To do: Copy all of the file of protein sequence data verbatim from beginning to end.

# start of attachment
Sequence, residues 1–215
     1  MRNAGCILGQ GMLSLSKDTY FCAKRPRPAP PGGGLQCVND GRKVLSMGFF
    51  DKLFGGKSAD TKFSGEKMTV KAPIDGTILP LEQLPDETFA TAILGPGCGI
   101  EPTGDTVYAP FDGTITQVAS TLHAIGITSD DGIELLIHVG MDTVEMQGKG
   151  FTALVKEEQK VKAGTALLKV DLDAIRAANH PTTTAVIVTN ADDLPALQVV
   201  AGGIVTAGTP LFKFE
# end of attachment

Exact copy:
Sequence, residues 1–215
     1  MRNAGCILGQ GMLSLSKDTY FCAKRPRPAP PGGGLQCVND GRKVLSMGFF
    51  DKLFGGKSAD TKFSGEKMTV KAPIDGTILP LEQLPDETFA TAILGPGCGI
   101  EPTGDTVYAP FDGTITQVAS TLHAIGITSD DGIELLIHVG MDTVEMQGKG
   151  FTALVKEEQK VKAGTALLKV DLDAIRAANH PTTTAVIVTN ADDLPALQVV
   201  AGGIVTAGTP LFKFE